The period following the Mexican Revolution was characterized by unprecedented artistic experimentation. Seeking to express the revolution's heterogeneous social and political aims, which were in a continuous state of redefinition, architects, artists, writers, and intellectuals created distinctive, sometimes idiosyncratic theories and works. Luis E. Carranza examines the interdependence of modern architecture in Mexico and the pressing sociopolitical and ideological issues of this period, as well as the interchanges between post-revolutionary architects and the literary, philosophical, and artistic avant-gardes. Organizing his book around chronological case studies that show how architectural theory and production reflected various understandings of the revolution's significance, Carranza focuses on architecture and its relationship to the philosophical and pedagogic requirements of the muralist movement, the development of the avant-garde in Mexico and its notions of the Mexican city, the use of pre-Hispanic architectural forms to address indigenous peoples, the development of a socially oriented architectural functionalism, and the monumentalization of the revolution itself. In addition, the book also covers important architects and artists who have been marginally discussed within architectural and art historiography. Richly illustrated, Architecture as Revolution is one of the first books in English to present a social and cultural history of early twentieth-century Mexican architecture.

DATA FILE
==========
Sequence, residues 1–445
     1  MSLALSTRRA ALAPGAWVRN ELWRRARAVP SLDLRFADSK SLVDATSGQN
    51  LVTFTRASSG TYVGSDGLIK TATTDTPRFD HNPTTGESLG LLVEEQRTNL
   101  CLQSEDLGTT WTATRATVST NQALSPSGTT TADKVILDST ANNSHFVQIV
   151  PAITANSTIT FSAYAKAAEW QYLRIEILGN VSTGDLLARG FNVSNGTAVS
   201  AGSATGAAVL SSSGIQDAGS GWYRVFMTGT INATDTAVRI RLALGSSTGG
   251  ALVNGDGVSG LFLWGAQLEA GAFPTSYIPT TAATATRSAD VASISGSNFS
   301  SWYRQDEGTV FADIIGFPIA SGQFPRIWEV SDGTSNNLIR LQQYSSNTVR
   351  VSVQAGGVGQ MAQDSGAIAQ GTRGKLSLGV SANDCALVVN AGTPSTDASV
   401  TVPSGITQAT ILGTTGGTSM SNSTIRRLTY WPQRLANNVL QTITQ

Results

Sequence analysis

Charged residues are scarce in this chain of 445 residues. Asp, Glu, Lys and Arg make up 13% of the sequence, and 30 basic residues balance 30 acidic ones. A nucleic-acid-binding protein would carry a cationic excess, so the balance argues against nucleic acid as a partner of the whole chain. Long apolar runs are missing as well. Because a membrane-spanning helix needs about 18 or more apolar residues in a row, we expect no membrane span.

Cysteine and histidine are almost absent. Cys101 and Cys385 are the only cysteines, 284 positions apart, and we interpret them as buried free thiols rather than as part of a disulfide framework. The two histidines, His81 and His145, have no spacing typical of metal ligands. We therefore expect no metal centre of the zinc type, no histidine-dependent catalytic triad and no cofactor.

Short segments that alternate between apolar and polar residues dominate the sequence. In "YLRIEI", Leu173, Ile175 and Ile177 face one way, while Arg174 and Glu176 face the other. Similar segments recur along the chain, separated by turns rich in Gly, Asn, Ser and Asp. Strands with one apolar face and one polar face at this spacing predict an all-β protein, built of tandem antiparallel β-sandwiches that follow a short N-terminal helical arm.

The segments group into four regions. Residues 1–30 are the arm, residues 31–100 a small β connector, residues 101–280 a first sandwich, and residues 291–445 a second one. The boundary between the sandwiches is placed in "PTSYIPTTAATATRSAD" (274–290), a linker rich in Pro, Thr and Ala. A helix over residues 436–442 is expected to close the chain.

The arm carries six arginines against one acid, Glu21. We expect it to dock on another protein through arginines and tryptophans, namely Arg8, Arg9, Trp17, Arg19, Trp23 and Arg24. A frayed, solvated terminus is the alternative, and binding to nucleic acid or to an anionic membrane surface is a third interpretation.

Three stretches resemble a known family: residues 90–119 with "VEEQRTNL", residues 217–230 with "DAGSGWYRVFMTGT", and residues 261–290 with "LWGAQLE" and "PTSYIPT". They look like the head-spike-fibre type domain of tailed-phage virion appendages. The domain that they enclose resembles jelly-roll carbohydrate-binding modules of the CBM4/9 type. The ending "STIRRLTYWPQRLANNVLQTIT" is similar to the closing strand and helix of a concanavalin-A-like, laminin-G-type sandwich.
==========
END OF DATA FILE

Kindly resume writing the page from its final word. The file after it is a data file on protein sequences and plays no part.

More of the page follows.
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Arizona Journal of Hispanic Cultural Studies

Vol. 1 (1997) through current issue

Since 1997, the Arizona Journal of Hispanic Cultural Studies has been publishing insightful essays on the relationships between economics and politics as they come to bear on the cultures of Spain, Latin America, Africa, Asia and the Chicano and Latino United States. Past special issues have included titles such as Market Matters: Literary Culture and the Publishing Industry in Spain and Latin America; The Hispanic Atlantic; Equatorial Guinea and Spanish Letters; Barcelona and the Projection of Catalonia; On the Border.
http://azjhcs.coh.arizona.edu/index.html

Art Against Dictatorship Cover

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Art Against Dictatorship

Making and Exporting Arpilleras Under Pinochet

By Jacqueline Adams

This pioneering study of Chilean arpillera folk art and its makers, sellers, and buyers explores the creation of a solidarity art system and shows how art can be a powerful force for opposing dictatorship and empowering oppressed people.

The Art of Professing in Bourbon Mexico Cover

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The Art of Professing in Bourbon Mexico

Crowned-Nun Portraits and Reform in the Convent

By James M. Córdova

Offering a pioneering interpretation of the “crowned nun” portrait, this book explores how visual culture contributed to local identity formation at a time when the colonial Church instituted major reforms that radically changed the face of New Spain’s convents and religious character.